Title: Coming Home
Author:Olley Tsino Maruma
Publication dates: 2007 and 2008
Publisher: Gonamombe Press, Harare
(Book Review by Memory Chirere)
Olley Tsino Maruma wears many hats; a journalist, a legal person, a filmmaker, a socio - political commentator of note and now, a novelist. His debut novel, Coming Home is bound to take him a step higher and broaden his circle of admirers.
Coming Home is about the return of one Simon Nyamadzawo to Zimbabwe Rhodesia after an eight-year exile in the United Kingdom. It is set during the last few months before the attainment of Zimbabwe’s independence.
Maruma has chosen a subject and circumstances that he understands very well because he went through more or less the same experiences as his major character.
The ‘return of the native’ is a subject that has fascinated writers for generations because the returnee is a man or woman who looks at home from the point of past-present, doing a mental and emotional audit. He sees what those who have always been here can never see. Sometimes, as in Chekhov, he asks for people who are long buried at the local cemetery.
The very dramatic few months before Zimbabwe’s independence have tended, ironically, to occupy a blind spot in literature. Coming Home is very unique and useful. It captures the troubled mood of Zimbabwe Rhodesia that emanates from the uncertainties of the internal settlement, the breath taking Lancaster talks and the subsequent ceasefire.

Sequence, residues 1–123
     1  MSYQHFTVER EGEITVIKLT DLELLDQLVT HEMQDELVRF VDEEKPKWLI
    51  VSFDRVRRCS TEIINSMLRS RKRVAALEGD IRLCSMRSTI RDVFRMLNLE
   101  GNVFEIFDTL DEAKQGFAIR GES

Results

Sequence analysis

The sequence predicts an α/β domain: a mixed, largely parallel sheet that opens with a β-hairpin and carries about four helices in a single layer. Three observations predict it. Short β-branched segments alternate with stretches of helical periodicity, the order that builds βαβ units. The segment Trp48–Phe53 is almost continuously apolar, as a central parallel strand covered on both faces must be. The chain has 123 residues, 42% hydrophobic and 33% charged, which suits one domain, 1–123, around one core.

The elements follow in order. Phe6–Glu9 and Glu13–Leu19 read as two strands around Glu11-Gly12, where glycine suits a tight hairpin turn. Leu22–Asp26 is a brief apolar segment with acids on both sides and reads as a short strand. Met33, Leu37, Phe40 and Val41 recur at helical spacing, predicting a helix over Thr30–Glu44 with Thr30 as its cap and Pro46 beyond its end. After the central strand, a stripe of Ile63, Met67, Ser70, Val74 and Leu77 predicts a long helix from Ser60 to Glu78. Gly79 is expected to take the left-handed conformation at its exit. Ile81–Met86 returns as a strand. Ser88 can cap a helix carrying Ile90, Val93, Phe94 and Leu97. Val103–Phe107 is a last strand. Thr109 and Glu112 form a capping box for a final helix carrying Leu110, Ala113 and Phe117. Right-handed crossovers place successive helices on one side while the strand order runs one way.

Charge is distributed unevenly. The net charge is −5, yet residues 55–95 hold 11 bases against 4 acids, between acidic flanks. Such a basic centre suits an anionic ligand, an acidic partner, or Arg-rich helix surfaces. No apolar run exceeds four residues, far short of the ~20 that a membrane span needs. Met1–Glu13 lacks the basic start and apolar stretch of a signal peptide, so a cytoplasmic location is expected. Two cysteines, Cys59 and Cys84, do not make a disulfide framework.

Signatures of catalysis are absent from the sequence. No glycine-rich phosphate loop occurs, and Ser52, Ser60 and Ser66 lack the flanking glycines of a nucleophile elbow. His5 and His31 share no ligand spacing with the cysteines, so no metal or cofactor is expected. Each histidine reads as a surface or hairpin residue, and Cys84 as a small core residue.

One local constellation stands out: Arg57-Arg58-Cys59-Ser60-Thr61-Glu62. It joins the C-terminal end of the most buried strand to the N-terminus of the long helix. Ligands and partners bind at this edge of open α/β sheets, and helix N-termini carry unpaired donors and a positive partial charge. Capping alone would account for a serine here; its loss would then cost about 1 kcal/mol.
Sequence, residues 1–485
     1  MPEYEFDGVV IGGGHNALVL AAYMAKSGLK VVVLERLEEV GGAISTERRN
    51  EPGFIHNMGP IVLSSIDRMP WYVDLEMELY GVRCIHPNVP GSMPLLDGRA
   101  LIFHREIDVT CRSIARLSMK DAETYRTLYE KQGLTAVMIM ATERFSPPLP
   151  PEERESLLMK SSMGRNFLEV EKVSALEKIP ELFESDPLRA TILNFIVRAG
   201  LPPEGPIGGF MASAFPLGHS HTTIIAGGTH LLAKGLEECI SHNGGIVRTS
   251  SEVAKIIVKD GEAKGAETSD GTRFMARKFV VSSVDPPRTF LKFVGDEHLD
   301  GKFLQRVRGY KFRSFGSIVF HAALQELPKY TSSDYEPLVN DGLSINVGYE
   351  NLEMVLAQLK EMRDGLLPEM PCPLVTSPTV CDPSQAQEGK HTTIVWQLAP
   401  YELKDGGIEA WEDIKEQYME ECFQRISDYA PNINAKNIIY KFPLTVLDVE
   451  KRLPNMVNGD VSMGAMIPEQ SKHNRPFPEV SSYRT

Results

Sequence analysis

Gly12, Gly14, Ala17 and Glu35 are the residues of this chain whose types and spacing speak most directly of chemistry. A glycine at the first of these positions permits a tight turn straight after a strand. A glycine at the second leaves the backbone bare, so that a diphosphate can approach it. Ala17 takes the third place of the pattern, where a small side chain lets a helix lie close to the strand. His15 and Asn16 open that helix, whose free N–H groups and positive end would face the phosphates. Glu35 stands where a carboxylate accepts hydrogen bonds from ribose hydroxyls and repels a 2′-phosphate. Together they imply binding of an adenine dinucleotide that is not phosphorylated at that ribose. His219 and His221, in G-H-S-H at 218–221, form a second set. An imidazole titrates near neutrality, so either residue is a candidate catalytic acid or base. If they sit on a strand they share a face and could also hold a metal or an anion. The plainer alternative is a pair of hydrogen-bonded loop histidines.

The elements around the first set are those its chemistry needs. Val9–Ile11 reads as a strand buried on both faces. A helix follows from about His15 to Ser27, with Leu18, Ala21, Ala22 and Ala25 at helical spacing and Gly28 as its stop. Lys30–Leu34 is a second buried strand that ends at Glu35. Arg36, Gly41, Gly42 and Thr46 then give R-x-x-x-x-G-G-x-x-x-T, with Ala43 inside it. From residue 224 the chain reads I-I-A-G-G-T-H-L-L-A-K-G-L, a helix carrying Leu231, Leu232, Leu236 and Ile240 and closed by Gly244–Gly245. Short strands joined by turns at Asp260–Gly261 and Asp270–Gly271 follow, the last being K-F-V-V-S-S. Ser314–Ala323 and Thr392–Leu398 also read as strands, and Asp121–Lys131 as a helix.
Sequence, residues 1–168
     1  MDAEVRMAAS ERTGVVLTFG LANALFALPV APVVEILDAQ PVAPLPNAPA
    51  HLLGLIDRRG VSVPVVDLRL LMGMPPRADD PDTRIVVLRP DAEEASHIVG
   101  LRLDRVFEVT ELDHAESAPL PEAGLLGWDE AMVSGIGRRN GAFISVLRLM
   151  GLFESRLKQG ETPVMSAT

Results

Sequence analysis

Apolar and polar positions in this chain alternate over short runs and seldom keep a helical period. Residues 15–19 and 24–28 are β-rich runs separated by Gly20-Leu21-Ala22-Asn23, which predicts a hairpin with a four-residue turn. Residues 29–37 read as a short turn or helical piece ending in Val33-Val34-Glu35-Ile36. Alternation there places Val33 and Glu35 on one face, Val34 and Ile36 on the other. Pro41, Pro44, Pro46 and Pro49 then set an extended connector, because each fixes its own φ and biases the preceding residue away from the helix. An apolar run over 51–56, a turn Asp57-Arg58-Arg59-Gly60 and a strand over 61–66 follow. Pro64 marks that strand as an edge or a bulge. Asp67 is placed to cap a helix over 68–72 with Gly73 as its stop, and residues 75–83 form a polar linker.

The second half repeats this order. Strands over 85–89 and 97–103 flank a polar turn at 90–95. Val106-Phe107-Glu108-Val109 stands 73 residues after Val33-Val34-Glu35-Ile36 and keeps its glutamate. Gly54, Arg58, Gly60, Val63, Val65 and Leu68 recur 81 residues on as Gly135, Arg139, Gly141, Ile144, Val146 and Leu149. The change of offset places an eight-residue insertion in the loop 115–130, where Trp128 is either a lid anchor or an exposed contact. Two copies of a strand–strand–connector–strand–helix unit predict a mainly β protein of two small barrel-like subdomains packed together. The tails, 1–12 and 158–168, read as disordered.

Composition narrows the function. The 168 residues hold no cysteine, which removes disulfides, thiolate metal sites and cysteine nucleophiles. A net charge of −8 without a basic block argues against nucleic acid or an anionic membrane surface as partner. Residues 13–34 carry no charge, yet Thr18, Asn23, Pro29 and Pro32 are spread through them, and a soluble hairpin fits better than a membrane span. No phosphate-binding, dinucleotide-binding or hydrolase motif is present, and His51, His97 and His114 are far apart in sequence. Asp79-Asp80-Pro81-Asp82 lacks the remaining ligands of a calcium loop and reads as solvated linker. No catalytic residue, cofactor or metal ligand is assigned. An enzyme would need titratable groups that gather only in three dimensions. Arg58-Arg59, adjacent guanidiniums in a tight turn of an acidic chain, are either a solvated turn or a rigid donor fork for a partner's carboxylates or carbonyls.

Simon comes back to a shell-shocked Salisbury, where one thinks twice before making a single step or statement. The beer flows easily but beneath every gulp lurks the unknown. There is a huge calm before the storm and the newcomer is torn between defiance and submission.
There is the distant dissatisfaction emanating from coming back home to pursue individual agendas when the forces that one fled in the first place are still holding forte. This is not the return of a hero. But Simon is well redeemed because at least his nationalist - leftist sentiments are on the side of History. For instance his open clash with a hard core Rhodesian journalist, in front of timid black journalists, places him on a higher pedestal in the bars. He represents the new breed of black men; cosmopolitan, well read, articulate and ‘cheeky’.
Simon boasts of a good understanding of the lopsided relations between the North and the South and already he anticipates the new neo colonial struggle that will come through attempting to open a minority economy to the povo.
The easy availability of beer and the occasional white female international journalist who throws herself at his feet leaves him wondering whether he is moving forward or backwards.
Maruma employs a laid back narrative, not hurrying to prescribe or taking obvious sides. In many ways this is a filmaker’s novel. The narrator has the eagle’s eye, seeing without being seen. Here as in Sembene Ousmane’s The Last Of The Empire, you are being invited to think along, rest, and make a cup of tea before you can quarrel or agree.
But has the character come back home, you ask. Well, there are suggestions in this book that coming back home is complex. Nobody really comes back to the same home after long exile.The last days of Zimbabwe Rhodesia provoke a sense of shock whose waves cause questions that demand hard answers. This novel is a good alternative to the usually tortuous biography.
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